• Geographical Indications in India is protected under the Geographical Indications of Goods (Registration & Protection) Act, 1999 and the Geographical Indications of Goods (Registration & Protection) Rules, 2002.
  • India is a rich storehouse of goods with reputation for quality which can be adduced to their geographical origin or place of manufacture, need to protect Indian Treasures
  • The economic potential of these goods is enormous.
  • To prevent GI goods becoming generic
  • Need for a rule based system that is open, fair and provides for an enforcement mechanism
  • Confers legal protection to Geographical Indications in India
  • Prevents unauthorised use of a Registered Geographical Indication by others
  • Provides legal protection to Indian Geographical Indications which in turn boost exports.
  • Promotes economic prosperity of producers of goods produced in a geographical territory.
  • A trade mark is a sign which is used in the course of trade and it distinguishes goods or services of one business with those of other businesses.
  • A geographical indication is an indication used to identify goods having special characteristics originating from a definite geographical territory.
  • Facilitate protection of the collective rights of the rural and indigenous communities in their indigenous knowledge.
  • Ensuring that the entire community which has preserved the knowledge and has passed it on with incremental refinement over generations, stand to benefit from the knowledge and that this is not locked up as the private property of one individual.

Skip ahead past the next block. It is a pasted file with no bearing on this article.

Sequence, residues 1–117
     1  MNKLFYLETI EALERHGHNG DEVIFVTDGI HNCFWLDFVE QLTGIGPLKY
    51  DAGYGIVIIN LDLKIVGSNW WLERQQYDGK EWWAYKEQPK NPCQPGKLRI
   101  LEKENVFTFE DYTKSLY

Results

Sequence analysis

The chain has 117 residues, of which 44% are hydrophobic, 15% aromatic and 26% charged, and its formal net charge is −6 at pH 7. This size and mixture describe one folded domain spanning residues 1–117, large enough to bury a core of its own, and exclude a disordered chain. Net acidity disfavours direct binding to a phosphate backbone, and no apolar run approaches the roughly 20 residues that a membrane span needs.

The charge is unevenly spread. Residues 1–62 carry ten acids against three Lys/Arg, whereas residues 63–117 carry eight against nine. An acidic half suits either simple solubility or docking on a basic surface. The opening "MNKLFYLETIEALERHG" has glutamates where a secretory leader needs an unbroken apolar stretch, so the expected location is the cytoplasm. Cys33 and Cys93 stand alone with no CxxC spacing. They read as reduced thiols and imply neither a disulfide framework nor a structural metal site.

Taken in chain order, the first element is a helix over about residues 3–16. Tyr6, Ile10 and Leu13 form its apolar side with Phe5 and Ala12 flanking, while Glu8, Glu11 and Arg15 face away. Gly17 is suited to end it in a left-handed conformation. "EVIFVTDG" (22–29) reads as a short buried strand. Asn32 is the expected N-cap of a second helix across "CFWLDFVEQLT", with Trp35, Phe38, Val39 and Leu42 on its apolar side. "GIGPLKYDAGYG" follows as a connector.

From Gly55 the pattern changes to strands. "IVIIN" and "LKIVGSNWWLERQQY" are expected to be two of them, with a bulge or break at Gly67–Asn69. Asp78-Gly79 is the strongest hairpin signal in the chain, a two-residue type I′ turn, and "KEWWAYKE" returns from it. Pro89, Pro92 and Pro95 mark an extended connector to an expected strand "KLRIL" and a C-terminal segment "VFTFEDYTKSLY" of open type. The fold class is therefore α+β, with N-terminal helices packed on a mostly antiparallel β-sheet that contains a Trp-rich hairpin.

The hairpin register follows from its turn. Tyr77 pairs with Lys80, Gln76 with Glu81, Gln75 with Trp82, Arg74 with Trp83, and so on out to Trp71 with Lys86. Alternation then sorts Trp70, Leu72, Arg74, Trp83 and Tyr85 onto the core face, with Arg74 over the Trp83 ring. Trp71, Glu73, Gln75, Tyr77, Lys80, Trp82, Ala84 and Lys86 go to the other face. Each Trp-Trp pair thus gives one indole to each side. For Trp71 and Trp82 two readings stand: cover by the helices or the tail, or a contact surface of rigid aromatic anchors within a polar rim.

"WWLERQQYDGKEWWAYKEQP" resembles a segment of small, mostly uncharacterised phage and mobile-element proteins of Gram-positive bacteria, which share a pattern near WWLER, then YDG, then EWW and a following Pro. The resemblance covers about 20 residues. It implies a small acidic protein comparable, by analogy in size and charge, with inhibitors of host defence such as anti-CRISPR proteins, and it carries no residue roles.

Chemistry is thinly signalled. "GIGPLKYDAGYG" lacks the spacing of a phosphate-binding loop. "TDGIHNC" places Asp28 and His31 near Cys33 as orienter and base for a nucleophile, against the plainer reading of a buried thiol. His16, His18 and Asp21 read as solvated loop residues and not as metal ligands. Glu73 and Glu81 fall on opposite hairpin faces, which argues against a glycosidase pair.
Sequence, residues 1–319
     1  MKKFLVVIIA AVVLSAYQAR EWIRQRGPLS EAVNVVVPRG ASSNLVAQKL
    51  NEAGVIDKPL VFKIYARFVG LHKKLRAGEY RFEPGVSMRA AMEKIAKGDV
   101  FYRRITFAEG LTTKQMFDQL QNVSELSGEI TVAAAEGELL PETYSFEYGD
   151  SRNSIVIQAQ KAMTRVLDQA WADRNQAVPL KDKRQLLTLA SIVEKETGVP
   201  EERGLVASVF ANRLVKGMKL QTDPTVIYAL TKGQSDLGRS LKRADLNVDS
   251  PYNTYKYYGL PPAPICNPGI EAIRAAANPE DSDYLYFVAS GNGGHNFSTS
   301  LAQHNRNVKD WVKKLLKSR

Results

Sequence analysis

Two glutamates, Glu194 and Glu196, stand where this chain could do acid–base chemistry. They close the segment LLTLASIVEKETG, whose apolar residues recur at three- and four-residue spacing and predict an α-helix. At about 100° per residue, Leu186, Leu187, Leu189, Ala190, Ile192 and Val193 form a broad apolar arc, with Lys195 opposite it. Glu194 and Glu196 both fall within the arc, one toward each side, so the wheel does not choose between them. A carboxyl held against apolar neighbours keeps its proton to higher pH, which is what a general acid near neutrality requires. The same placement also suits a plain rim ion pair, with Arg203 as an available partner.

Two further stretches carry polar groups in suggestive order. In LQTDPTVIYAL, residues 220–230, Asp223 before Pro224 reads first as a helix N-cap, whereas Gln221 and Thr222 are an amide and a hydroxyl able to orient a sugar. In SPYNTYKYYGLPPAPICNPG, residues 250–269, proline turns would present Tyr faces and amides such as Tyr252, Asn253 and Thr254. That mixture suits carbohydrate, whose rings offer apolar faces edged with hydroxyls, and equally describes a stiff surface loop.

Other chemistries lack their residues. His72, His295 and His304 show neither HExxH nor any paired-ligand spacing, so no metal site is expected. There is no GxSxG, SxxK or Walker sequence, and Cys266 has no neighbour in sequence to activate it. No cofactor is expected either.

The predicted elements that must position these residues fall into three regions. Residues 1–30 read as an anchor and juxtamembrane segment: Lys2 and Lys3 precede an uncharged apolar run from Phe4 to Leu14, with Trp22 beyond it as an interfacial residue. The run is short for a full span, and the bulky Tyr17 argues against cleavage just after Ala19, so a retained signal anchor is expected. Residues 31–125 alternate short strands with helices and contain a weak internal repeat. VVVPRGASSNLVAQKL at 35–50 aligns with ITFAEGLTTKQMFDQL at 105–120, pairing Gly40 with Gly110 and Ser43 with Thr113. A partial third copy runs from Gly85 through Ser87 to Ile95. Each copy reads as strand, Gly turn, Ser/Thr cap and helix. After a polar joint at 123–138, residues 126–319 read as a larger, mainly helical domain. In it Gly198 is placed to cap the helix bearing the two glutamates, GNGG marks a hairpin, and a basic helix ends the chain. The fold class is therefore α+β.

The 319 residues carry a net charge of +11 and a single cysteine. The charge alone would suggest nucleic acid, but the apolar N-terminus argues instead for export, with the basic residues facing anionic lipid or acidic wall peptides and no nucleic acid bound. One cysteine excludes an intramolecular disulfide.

• Knowledge remains in the public domain; the scope of protection is limited to controlling the class and/ or location of people who may use the protected indication and the rights can potentially be held in perpetuity as long as the product-place link is maintained.
  • GI holders do not have the right to assign the indication, thus, preventing its transfer to non-locale producers.

Given its commercial potential, legal protection of GI assumes enormous significance. Without suitable legal protection, the competitors who do not have any legitimate rights on the GI might ride free on its reputation. Such unfair business practices result in loss of revenue for the genuine right-holders of the GI and also misleads consumers. Moreover, such practices may eventually hamper the goodwill and reputation associated with the GI.

The Geographical Indications Registry is responsible for the administration of laws relating to Geographical Indication of Goods (Registration and Protection) Act, 1999. It acts as a resource and information centre and is a facilitator in matters relating to geographical indications in the country. Their primary responsibilities are:

  • Registration and better protection of geographical indications relating to goods in India.
  • The Act would be administered by the Controller General of Patents, Designs and Trade Marks – who is the Registrar of Geographical Indications.
  • The Geographical Indications Registry is located at Chennai.
 
Last Updated/Reviewed on Feb 17, 2018 @ 5:00 pm